Skip to main content
exam-boy

We are open for routine eye care by appointment only and all patients are required to wear masks. Click here to read about our updated COVID-19 protocols and procedures.

Home » Dry Eye » What to Know About LASIK and Dry Eye

What to Know About LASIK and Dry Eye

What to Know About LASIK and Dry Eye 640×350Dry eye syndrome is an uncomfortable condition that can cause eyes to become dry, itchy, red, watery and gritty. It is caused by insufficient tears or poor quality oil in the tears that prevent the eyes from being properly lubricated.

Dry eye syndrome is a common side effect of LASIK surgery, so individuals considering laser surgery for long-term vision correction should speak with their eye doctor. An assessment at Clayton Heights Optometry Dry Eye Center in Surrey can help determine your likelihood of developing dry eyes after the laser procedure and take measures to treat this condition, so you can fully enjoy your clear vision.

The Connection Between LASIK Surgery and Dry Eye

LASIK is the most commonly performed type of laser vision correction. In this procedure, a laser is used to cut a flap in the front of the eye, the cornea, which allows the eye surgeon to reshape the cornea with the laser.

One side effect of cutting this flap is that corneal nerves may be damaged. LASIK surgery can sever the most superficial nerves in the cornea, which then reduces the eye’s sensitivity to dry eye symptoms. This, in turn, may reduce the body’s tear production since the eye glands produce the essential water and oils in response to neural messages.

It is estimated that 50% of people who undergo LASIK surgery report dry eye symptoms in the following days and weeks. However, some of these patients may have experienced dry eye symptoms before surgery. They might even have opted for LASIK due to discomfort when wearing contact lenses, not realizing that this discomfort might be caused by a pre-existing case of dry eye syndrome. In both cases, treatment of dry eyes is essential for these patients

Whether the problem of dry, itchy eyes precedes LASIK surgery or is an aftereffect, it is important to assess the risks of developing or exacerbating dry eye syndrome following the procedure.

Testing Risk Factors for Dry Eye Before LASIK Surgery

Before LASIK surgery, patients are given a full eye exam. These tests may include:

  • Tear breakup time tests
  • Schirmer’s test
  • Corneal imaging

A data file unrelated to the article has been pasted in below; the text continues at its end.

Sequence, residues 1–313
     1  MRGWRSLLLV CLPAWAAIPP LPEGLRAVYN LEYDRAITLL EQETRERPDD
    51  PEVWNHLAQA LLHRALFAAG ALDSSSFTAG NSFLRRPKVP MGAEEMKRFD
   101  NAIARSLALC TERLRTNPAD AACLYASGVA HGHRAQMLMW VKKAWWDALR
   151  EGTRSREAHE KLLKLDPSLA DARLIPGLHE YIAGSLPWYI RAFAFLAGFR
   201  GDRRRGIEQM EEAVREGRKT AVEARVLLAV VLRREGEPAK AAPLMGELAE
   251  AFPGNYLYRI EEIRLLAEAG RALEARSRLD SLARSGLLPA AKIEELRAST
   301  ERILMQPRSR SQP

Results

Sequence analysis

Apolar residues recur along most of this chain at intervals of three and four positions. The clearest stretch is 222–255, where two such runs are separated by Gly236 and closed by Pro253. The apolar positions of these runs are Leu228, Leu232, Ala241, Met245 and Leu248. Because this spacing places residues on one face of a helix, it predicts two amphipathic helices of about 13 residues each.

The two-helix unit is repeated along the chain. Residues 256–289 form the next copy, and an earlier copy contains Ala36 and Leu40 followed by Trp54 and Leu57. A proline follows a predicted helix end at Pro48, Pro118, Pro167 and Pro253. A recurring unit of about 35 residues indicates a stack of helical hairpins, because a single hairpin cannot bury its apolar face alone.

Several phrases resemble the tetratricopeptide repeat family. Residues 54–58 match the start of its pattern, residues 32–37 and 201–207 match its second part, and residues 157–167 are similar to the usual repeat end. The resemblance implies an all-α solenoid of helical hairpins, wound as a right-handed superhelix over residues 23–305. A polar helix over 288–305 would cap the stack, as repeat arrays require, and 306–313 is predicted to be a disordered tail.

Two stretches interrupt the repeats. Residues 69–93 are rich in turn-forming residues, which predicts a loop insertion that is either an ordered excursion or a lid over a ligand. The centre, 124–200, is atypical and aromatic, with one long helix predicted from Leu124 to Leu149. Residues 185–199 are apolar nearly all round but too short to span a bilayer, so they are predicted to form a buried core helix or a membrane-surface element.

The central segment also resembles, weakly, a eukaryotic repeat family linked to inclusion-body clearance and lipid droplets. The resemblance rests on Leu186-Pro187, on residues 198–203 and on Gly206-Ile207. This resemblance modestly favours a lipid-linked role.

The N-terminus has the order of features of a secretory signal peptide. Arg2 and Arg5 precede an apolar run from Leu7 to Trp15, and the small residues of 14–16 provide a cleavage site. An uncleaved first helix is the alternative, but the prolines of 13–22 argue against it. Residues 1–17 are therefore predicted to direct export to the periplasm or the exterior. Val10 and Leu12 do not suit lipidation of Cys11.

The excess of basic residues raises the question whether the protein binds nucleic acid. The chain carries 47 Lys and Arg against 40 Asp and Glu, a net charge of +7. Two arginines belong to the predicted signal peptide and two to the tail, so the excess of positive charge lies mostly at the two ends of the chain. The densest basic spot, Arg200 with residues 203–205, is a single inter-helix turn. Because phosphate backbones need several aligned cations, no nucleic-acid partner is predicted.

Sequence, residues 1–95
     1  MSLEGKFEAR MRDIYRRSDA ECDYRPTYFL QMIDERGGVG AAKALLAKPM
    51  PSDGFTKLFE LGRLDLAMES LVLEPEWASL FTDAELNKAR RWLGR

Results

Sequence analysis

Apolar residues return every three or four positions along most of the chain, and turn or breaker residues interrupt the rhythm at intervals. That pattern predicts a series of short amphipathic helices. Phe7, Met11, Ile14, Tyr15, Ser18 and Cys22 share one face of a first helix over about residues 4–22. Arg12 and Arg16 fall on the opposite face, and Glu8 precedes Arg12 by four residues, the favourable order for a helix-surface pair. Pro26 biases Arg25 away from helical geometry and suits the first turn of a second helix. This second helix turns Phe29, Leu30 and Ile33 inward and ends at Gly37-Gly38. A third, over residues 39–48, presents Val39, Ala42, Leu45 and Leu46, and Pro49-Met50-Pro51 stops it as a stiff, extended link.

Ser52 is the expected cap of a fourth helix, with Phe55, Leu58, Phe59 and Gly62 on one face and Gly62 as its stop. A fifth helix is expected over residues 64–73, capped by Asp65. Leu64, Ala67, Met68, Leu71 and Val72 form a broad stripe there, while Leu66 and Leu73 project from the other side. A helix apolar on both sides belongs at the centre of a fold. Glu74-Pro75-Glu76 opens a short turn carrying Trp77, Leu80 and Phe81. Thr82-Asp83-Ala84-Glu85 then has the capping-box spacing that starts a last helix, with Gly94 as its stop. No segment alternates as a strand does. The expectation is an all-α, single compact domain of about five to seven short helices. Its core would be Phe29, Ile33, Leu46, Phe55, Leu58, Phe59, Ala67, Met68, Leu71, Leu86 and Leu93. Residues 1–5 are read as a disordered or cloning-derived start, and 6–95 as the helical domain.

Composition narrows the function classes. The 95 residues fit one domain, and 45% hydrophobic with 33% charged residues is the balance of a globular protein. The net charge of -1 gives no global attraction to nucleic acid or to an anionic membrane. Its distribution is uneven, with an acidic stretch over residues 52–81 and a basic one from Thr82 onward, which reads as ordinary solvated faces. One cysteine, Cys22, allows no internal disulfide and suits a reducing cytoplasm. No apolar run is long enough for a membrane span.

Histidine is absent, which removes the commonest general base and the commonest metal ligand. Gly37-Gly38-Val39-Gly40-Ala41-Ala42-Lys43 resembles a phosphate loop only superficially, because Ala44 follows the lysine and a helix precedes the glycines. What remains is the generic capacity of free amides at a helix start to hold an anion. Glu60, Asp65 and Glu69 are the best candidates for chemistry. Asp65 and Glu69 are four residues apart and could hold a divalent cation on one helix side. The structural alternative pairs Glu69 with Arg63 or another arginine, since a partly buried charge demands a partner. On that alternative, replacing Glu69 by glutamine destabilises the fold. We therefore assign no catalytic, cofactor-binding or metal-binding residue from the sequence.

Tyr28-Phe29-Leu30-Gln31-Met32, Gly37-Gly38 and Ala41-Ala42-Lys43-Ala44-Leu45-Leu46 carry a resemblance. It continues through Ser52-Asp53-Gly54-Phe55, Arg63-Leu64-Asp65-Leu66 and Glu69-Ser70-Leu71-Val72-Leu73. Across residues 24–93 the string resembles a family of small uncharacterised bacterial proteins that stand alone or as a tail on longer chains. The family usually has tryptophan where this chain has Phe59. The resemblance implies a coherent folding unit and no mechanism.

• Tear osmolarity and inflammation
  • Meibomian gland evaluation

A tear breakup test involves putting fluorescent dye on the surface of the eye to measure tear distribution and when the tears “break up.” For a Schirmer’s test, the doctor places a strip of paper under the eyelids to monitor tear production.

Corneal imaging uses non-invasive devices to assess the cornea and tear film without actual contact with the eye. The tear osmolarity and inflammation tests collect tears from the inside of the bottom eyelid to test protein levels that can signal a higher level of salt content and risk of inflammation in the tears.

What Increases the Risk of Developing Dry Eye?

  • Aging
  • Menopause
  • Medications, including antihistamines
  • Autoimmune diseases
  • Hot, windy or dry conditions and climates
  • Pollution or poor quality air

Older patients, particularly post-menopausal women, and those suffering from autoimmune conditions such as Sjogren’s syndrome, are more likely to have dry eye symptoms following the procedure. Those who take allergy medication and live in hot, dry climates should also take precautions.

Strategies to Prevent Dry Eye Caused by LASIK Surgery

Your eye doctor may recommend the following for patients who are at high risk of developing dry eye syndrome after LASIK surgery as well as those who have pre-existing symptoms:

  • Punctal plugs
  • Omega-3 fatty acids
  • Lubricating eye drops
  • Prescription medication
  • In-office treatments

Punctal plugs reduce eye moisture loss by blocking tear drainage tunnels. Omega-3 fatty acid supplements and lubricating eye drops can stimulate moisture in the eye before the procedure. Your eye doctor may prescribe eye drops or use a range of effective in-office dry eye treatments.

It is essential to work with professionals you can trust before, during and after LASIK surgery.

Clayton Heights Optometry Dry Eye Center serves patients from Surrey, Cloverdale, Langley, and Maple Ridge, BC and surrounding communities. Schedule your appointment for an assessment to discuss your questions about LASIK and dry eye syndrome.

Frequently Asked Questions with Dr. Sandhu

Q: Are There Natural Treatments for Dry Eye Syndrome?

  • A: Consuming foods rich in omega 3 fatty acids such as fatty fish and flaxseeds can stimulate the oils that are essential for tear quality. Warm compresses, gland expression and eye massage can often relieve clogged glands in the eyelids and provide relief. Maintaining eyelid hygiene and wearing protective sunglasses can also reduce symptoms.

Q: What Are Some Dry Eye Symptoms?

  • A: Along with dry eyes, some of the symptoms of dry eye syndrome may include redness, an itchy and burning feeling, stringy mucus, grittiness and excessive eye-watering.